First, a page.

On my fourth day as an undergraduate, before Week One had even started, a second-year Land Economist, who was sitting opposite me at a College Family meal in an ASK restaurant on Bridge Street, leaned forward and with biting determination put to me the following question.
“You’re an English student.” (That is, English Literature.) “I’ve always wanted to ask an English student. What are you actually going to do with your life?”
“Well,” I might have said, had I been gifted with more foresight, “on April 19th 2014, for example, I’m going to wake up early for some reason, I’m going to watch the sun beautifully appear, I’m going to wash my hair and I’m going to have problems because the Vaseline I’m going to put on my face the previous night is going to wash off into my hair and I’m going to…”
Here it occurs to me that it’s interesting how ‘going to’ can be used sometimes for a thing that will inevitably be the case and sometimes for a thing I’m firmly resolving upon. In the list that follows, there are examples of both. This is what (I think) I’m going to do with my life. I’ve had time to ponder the question now. (In October 2007, in the ASK restaurant, all I did was burble.)
1) I am going to make mistakes. This is an example of an inevitable fact.
2) I am not going to flap about them (any more). This is an example of a firm resolution.
3) I am not going to make lots of money. Unlike my Land Economist interrogator, who had, it seemed, big financial plans.
4) I am going to make lots of money. Depending on your point of view, an ELT teacher earns as stupendously much as whatever Land Economists become.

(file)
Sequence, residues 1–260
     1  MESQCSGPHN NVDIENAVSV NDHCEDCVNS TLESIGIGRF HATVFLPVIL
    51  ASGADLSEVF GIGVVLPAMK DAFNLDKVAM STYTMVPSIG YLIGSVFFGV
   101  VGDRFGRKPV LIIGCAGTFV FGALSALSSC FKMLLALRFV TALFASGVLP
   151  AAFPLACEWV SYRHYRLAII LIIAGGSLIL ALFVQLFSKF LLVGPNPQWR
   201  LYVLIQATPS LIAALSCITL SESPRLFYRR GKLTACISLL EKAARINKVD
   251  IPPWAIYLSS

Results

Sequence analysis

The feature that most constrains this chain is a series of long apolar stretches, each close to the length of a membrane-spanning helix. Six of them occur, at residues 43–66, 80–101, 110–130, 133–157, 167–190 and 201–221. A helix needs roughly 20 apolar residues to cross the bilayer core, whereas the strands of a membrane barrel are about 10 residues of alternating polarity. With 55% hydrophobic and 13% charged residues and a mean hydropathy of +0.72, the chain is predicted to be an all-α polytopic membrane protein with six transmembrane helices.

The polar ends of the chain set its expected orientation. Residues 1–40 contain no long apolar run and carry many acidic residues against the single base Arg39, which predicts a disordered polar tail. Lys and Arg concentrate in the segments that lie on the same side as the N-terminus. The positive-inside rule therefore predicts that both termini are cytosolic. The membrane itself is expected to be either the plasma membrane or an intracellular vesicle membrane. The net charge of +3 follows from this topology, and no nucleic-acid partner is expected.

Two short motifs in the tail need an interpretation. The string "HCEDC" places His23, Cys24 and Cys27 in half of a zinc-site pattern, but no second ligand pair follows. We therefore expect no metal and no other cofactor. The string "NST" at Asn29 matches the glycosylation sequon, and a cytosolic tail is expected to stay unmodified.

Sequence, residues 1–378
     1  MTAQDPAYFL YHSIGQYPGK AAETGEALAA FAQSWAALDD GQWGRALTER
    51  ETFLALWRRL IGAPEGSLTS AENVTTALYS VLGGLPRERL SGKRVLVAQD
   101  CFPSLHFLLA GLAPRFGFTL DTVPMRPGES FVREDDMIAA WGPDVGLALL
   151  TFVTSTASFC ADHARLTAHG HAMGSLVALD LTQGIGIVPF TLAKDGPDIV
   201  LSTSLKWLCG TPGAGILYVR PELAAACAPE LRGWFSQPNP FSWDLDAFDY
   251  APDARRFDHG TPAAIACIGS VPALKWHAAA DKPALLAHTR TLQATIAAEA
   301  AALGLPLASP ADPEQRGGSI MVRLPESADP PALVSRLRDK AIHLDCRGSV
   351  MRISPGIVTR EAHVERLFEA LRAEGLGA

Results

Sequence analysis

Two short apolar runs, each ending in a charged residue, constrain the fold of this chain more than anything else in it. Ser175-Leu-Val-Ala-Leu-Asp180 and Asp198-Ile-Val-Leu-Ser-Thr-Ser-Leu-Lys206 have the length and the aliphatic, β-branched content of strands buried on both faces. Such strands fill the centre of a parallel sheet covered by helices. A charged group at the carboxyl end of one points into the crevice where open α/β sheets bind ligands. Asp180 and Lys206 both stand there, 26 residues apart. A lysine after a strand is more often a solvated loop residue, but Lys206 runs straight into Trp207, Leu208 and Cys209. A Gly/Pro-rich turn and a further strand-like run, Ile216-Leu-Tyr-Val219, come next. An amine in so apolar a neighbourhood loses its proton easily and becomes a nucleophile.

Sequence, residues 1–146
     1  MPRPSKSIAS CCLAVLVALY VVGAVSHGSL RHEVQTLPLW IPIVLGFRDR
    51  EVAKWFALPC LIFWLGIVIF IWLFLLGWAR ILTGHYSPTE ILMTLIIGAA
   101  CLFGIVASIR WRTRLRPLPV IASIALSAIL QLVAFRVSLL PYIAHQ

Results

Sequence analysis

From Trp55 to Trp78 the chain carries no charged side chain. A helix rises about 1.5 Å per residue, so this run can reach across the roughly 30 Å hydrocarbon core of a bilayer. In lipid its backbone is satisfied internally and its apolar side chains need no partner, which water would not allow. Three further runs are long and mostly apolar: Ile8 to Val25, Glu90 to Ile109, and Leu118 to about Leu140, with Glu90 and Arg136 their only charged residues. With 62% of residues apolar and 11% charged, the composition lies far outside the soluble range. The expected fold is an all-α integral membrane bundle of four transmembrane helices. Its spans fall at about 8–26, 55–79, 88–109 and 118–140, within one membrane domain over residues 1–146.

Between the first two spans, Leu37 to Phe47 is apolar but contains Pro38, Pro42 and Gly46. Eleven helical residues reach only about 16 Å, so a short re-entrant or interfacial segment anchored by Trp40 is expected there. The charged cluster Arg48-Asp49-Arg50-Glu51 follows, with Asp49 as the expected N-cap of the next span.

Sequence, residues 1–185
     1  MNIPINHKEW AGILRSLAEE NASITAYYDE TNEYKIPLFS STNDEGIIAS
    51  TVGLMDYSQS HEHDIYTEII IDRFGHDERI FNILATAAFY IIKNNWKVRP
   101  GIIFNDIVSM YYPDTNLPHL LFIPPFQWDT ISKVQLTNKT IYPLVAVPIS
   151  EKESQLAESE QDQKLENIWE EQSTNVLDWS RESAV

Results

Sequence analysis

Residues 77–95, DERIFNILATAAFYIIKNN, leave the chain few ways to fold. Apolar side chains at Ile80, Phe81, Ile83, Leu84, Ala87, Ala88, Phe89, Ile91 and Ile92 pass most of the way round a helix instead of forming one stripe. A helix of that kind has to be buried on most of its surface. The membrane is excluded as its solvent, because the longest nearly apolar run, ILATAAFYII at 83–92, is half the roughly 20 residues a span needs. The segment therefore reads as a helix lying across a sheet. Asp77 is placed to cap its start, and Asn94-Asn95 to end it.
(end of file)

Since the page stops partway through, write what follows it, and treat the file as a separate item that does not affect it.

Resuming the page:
5) I am not ever going to go deep-sea diving. Call me chicken if you will.
6) I am not going to become either Prime Minister or the Archbishop of Canterbury – contrary to the surprising expectations of my Head of Year 11. But I hope I’ll see other, more suitable women become Prime Minister and the Archbishop of Canterbury.
8) I am going to decide that I’m going to do stuff. My lack of plans in October 2007 does not prevent me freely and responsibly making or discovering plans now.
9) I am not going to be bound to what I’m going to do. Sometimes other things come up that are non-negotiable, better, and/or more important than one’s plans. My plans will therefore be considered interruptible.
10) I am going to do a variety of things both exciting and boring – whether I plan it or not. With luck I’ll do at least some of them ‘in the name of the Lord Jesus, giving thanks to God the Father through him’.
11) I am going to love people – because the L’Oreal advert is right.
12) I am never going to regret the fact that I was an English student – be this reasonable or no.
13) I am never going to be superstitious about this number.
14) I am going to write non-comprehensive lists of things.
But, after all that, perhaps the sentence starter ‘I am going to’ is the wrong one to use.
Considering various heroes among Christ’s followers, from the apostle Paul to Brother Andrew or Jackie Pullinger – people who did important and amazing work where there was great need – they stand out as individuals whose names we know, but they did what they did with other people.
The work was a team effort and the result of a shared dream. Perhaps we shoot ourselves in the foot, sometimes, when we try to make plans on our own. We do, it seems to me, all have our individual visions and gifts, but maybe we are most fruitful when these dovetail together in the places that most need hope. Complete the following sentence: we are going to…